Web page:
Even with all of the quarterback options available to the Indianapolis Colts in the draft, they could end up trading away the No. 4 pick for Aaron Rodgers of the Green Bay Packers, according to ESPN’s Adam Schefter.
And ESPN’s Jeremy Fowler seemed to confirm Schefter’s reporting by writing that an unnamed NFC executive said that the Colts as a trade partner for the Packers “are sort of random but would make sense on paper.”
“The Colts enter the offseason with $20.6 million in cap space. They absolutely need a quarterback,” Fowler wrote in a January 24 story. “Despite a four-win season, the roster is not void of talent, especially on defense. And Indy owns the fourth overall pick, an easy dangling point in a potential deal with Green Bay.”
How Realistic Is It for Rodgers to Join the Colts?
After signing a three-year extension worth $150 million last offseason, Rodgers’ cap hits will be “around $15.75 million this year and $32.5 million the next,” per Fowler, which could fit with the Colts’ $20.6 million in cap space this offseason.
The Colts’ current quarterback, Matt Ryan, is under contract for one more season, but he was benched for the last three games of the season, making it unlikely they will want to bring him back. Indianapolis could save $17.2 million if Ryan is cut this offseason.
On the other hand, the Packers could turn to Jordan Love as its future starting quarterback. Love, a 2020 first-round pick, threw for 606 yards, 3 touchdowns and 3 interceptions in 2022. With a year left on Love’s rookie deal, the Packers could start him next year to see if they want to keep him around after 2023.
“(Colts general manager Chris) Ballard has to get one [a quarterback] and get it right,” the NFC executive said in Fowler’s story.
Even though he is under contract, Rodgers is in control when it comes to his future because of the fully guaranteed money owed to him by the Packers.
“Rodgers has the ultimate hammer,” Pro Football Talk’s Mike Florio wrote in a January 24 story. “He can tell the Packers, ‘I’m not leaving.’ He can force the Packers to pay him all that money, even if they’d rather turn the page to Jordan Love.”
Rodgers said on the January 24 episode of “The Pat McAfee Show” that he would make a decision when the time is right for him, noting his willingness to restructure his contract regardless of whom he plays for.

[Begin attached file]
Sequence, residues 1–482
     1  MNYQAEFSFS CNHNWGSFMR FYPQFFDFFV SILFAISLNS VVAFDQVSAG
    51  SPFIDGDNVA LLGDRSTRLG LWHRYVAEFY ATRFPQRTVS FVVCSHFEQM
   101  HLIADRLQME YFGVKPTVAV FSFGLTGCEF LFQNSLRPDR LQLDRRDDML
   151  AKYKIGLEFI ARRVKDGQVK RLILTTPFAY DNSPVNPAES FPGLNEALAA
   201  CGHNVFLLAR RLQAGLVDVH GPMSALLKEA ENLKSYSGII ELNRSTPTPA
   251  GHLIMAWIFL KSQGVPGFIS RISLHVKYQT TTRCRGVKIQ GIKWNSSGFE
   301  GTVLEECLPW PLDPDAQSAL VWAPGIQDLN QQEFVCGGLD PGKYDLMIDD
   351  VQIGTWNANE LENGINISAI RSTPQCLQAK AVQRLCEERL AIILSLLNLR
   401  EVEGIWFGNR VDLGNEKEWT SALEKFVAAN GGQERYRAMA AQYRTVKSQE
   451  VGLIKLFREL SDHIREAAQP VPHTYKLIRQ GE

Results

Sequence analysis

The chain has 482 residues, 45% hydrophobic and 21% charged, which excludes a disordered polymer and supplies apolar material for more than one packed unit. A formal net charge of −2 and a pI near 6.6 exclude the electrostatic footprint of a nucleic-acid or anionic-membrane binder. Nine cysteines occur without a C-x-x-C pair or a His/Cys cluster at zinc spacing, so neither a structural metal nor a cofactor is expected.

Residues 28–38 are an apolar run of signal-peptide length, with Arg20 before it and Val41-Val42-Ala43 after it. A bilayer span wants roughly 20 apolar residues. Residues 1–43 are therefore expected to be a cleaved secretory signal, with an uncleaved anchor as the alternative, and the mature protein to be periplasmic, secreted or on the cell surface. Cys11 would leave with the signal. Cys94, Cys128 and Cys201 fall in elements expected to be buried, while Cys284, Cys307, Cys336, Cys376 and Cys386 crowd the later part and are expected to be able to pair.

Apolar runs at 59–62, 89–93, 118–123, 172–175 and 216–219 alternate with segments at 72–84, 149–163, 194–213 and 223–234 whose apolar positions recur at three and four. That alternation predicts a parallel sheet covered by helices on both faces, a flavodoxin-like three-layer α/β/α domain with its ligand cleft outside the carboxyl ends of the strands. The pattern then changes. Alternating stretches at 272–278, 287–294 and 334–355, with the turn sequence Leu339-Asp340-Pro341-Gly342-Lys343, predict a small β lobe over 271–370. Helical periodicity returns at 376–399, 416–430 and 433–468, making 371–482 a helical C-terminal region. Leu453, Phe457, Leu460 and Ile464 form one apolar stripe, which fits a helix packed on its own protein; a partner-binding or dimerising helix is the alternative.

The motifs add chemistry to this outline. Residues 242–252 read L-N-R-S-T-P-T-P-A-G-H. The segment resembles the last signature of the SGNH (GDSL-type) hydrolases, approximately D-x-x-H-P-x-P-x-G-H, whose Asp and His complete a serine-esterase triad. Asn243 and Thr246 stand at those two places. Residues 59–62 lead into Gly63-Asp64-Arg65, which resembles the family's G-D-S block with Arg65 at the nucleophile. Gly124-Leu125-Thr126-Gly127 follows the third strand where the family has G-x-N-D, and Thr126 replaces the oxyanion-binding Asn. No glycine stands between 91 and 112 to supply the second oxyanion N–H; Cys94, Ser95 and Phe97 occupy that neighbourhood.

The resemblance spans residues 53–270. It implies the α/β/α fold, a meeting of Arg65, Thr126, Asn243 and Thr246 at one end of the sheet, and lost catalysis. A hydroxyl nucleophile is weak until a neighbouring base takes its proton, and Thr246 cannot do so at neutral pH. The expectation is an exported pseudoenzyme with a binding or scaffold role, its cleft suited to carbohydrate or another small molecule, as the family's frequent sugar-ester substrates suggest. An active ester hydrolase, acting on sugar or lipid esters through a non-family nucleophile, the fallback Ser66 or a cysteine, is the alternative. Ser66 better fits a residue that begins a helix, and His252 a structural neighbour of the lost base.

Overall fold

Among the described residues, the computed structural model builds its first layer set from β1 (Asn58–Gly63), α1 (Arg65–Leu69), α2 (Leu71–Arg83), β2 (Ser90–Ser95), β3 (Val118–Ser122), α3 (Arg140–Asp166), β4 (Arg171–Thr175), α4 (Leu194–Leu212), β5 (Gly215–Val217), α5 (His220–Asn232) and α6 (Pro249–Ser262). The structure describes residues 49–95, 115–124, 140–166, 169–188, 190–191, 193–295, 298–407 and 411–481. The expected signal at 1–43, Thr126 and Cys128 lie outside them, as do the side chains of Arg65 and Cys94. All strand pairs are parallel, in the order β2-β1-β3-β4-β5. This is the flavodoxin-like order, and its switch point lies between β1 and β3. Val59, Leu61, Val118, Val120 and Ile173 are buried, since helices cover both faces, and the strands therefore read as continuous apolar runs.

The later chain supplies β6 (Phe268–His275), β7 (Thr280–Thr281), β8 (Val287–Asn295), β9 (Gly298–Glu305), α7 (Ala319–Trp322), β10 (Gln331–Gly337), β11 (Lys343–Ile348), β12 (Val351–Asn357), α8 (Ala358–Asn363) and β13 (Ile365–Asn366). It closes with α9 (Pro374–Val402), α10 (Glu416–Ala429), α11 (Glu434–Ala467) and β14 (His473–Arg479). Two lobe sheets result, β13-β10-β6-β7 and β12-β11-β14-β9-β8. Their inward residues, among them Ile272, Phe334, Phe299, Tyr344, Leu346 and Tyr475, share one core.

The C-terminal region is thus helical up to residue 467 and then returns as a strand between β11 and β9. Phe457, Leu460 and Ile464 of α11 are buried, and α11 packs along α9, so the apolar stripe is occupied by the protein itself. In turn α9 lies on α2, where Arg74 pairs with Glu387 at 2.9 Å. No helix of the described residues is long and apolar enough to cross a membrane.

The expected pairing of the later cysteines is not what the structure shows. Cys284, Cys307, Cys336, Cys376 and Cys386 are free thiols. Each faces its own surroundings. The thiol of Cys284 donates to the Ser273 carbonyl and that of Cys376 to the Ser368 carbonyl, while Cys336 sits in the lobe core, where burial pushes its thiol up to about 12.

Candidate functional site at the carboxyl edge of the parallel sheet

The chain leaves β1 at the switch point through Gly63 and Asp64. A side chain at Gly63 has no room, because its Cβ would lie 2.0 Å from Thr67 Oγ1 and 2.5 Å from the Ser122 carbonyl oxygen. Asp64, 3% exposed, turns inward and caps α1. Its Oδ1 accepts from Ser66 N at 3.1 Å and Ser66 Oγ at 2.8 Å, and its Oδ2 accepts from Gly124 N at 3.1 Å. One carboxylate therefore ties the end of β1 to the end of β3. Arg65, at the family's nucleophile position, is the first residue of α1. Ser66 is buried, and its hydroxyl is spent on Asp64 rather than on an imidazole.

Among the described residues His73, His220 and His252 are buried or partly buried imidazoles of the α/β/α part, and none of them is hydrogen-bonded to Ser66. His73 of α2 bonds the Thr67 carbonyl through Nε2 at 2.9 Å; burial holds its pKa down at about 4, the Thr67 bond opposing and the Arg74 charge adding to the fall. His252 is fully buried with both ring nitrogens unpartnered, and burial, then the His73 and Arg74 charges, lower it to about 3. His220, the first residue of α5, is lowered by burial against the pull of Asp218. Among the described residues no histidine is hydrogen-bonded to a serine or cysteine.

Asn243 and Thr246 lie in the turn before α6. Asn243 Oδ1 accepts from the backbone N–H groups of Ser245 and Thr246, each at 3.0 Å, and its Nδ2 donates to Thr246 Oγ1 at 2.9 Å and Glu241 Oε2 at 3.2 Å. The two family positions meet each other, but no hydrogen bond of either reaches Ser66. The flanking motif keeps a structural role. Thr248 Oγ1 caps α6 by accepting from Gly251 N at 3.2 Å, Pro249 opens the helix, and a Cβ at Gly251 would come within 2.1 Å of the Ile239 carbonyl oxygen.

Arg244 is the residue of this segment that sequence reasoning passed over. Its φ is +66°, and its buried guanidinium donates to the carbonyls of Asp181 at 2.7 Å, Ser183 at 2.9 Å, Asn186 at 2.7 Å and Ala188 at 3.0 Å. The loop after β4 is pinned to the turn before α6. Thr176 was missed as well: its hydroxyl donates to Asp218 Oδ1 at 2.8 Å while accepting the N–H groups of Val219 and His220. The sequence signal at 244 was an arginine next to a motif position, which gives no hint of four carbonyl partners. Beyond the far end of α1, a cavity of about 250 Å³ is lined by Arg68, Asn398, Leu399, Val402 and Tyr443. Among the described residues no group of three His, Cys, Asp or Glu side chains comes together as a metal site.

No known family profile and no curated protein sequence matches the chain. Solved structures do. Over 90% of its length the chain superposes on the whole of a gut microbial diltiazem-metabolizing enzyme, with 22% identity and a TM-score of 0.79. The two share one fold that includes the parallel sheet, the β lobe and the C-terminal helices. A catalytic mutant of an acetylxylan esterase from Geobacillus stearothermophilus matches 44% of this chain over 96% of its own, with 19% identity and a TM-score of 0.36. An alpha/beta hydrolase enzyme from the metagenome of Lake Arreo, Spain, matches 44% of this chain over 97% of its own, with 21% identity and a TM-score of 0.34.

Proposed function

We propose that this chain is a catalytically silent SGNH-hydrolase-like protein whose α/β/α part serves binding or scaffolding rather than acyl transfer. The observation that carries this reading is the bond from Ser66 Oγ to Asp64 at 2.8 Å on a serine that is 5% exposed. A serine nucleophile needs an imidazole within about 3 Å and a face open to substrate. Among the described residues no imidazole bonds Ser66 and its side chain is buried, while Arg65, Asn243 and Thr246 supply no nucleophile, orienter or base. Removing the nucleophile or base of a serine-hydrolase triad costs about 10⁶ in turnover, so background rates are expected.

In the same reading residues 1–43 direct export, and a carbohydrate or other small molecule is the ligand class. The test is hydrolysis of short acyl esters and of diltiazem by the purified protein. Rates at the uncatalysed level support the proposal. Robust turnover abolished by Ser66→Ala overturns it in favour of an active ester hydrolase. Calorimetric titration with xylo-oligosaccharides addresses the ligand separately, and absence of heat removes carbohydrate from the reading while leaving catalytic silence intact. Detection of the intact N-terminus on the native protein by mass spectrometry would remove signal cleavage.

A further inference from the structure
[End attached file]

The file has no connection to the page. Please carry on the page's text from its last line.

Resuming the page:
Rodgers’ Ability to Play at a High Level
The Packers finished 2022 with an 8-9 record, narrowly missing the playoffs. Rodgers had a “down year” in his age-39 season, throwing for 3,695 yards, 26 touchdowns and 12 interceptions. What’s interesting is that Rodgers did not throw for more than 300 yards in a game all year.
Still, it’s important to remember that the Packers’ leading receivers were Allen Lazard (who had less than 800 yards) and rookie Christian Watson. With limited weapons, Green Bay came up just short of a playoff berth even without Davante Adams, who had over 1,500 yards with the Packers in 2021 and was traded to the Las Vegas Raiders last offseason.
Rodgers could end up in a more favorable quarterback situation if he’s given more firepower. Besides the Colts, another team that could also try to trade for Rodgers is the New York Jets.
“Some people around the league can see it — assuming the Jets work on that cap deficit of nearly $3 million,” Fowler wrote in his report.
An NFC coordinator added that the Jets’ skill position players could make New York an attractive destination for Rodgers.
“‘That receiving corps is really talented and you know the defense is good,’” an NFC coordinator told Fowler. “‘They have pieces and are trending up. They should be desperate to get a QB in my opinion.’”
The Colts, on the other hand, could ultimately elect to draft and develop a rookie after starting three veteran quarterbacks for the last three seasons (Philip Rivers, Carson Wentz and Matt Ryan). One of Fowler’s sources suggests otherwise, pointing towards Rodgers’ successful career as an instrumental factor as to why the Colts would trade for him.
“‘Maybe they [the Colts] just draft one (quarterback) and save the money, but Rodgers would be different than their other past stopgap options because he’s more of a sure thing,’” an NFC executive told Fowler.